• In 2017, the total cash median for women in non-founding VP HR roles at Series A-C companies was $225,000 with an average of $226,871. The total cash median for men was $207,500 with an average of $226,903.
  • In 2018, the total cash median for women in non-founding VP HR roles at Series A-C companies was $221,000 with an average of $230,677. The total cash median for men was $210,000 with an average of $222,108.
  • In 2017, median equity ownership for women in non-founding VP HR roles at Series A-C companies was 0.30% with an average of 0.34%. The median equity ownership for men was 0.28% with an average of 0.40%.
  • In 2018, median equity ownership for women in non-founding VP HR roles at Series A-C companies was 0.29% with an average of 0.31%. The median equity ownership for men was 0.25% with an average of 0.28%.

Data is great. Now what?

It’s the hot topic and hiring managers are on red alert. Pay fairly or risk a PR nightmare. Here are some steps you may want to consider.

  1. Founders need to hire. Owning the hiring process allows founders to gain valuable experience and exposure. By creating job descriptions, founders can be thoughtful and sensitive to the fact that connotations and tone can unintentionally isolate a specific segment of eligible talent. Learn what it takes to identify top talent while omitting superficial biases like gender, one’s command of the English language, personality quirks, and designer shoes or jackets. Gaining this experience during the first 25 hires ensures that you can lead your hiring team as your company scales. Whether you’re an early or late-stage company, hiring well boils down to two questions: Who is competent? Who can I trust to get the job done?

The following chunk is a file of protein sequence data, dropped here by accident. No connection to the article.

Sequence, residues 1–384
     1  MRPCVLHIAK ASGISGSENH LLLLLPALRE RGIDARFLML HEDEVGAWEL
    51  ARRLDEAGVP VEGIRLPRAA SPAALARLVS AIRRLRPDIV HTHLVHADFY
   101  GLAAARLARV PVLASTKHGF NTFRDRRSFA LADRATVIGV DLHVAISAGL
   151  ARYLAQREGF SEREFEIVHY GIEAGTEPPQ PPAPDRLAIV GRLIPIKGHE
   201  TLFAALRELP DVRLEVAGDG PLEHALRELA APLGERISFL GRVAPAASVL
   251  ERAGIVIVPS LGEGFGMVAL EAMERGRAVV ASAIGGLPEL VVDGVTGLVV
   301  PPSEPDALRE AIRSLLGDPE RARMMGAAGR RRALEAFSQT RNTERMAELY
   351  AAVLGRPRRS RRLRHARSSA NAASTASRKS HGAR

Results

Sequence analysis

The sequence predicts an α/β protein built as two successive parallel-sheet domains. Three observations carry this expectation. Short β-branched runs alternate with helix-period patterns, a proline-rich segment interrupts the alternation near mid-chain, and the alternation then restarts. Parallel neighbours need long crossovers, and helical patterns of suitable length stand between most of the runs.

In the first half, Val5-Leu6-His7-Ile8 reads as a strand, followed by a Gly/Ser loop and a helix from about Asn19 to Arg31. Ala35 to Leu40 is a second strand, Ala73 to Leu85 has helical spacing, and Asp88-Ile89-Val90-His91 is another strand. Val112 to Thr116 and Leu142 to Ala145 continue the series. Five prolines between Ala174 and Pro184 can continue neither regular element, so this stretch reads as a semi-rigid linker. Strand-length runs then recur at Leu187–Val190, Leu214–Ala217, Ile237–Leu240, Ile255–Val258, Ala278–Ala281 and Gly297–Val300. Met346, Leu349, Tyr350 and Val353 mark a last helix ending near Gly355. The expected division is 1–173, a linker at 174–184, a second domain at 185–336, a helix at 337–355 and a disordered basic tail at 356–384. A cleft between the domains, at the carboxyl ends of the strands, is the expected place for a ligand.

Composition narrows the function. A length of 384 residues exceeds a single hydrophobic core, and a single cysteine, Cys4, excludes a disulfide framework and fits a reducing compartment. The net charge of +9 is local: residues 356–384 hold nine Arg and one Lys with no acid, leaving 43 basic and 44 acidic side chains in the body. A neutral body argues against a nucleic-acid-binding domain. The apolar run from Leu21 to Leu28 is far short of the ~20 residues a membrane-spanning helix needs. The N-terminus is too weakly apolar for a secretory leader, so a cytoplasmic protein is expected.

2. Hold up the mirror. This is more difficult than it seems. Take a look at your organization and compare gender distributions within departments against industry norms. Start by comparing the number of male and female applicants you receive for a specific job. Does this ratio roughly represent the composition of your team? If not, ask the right questions. Do we have an inclusive and open hiring process? Are we considering a candidate’s skill set, past experience, and qualifications, or are we enamored by their external appearance and the potential of gaining a new best friend?It’s unreasonable to expect perfect gender representation against the available talent pool, but a drastic gap can identify bias in your hiring process. Keep in mind that larger companies can afford to pay for diversity, shrinking the realistic talent pool for everyone else. While unconscious bias may lead to a team of people that look, speak, and think the same, hiring should be about competency and trust in the candidate along with a realization that diverse teams create optimal outcomes.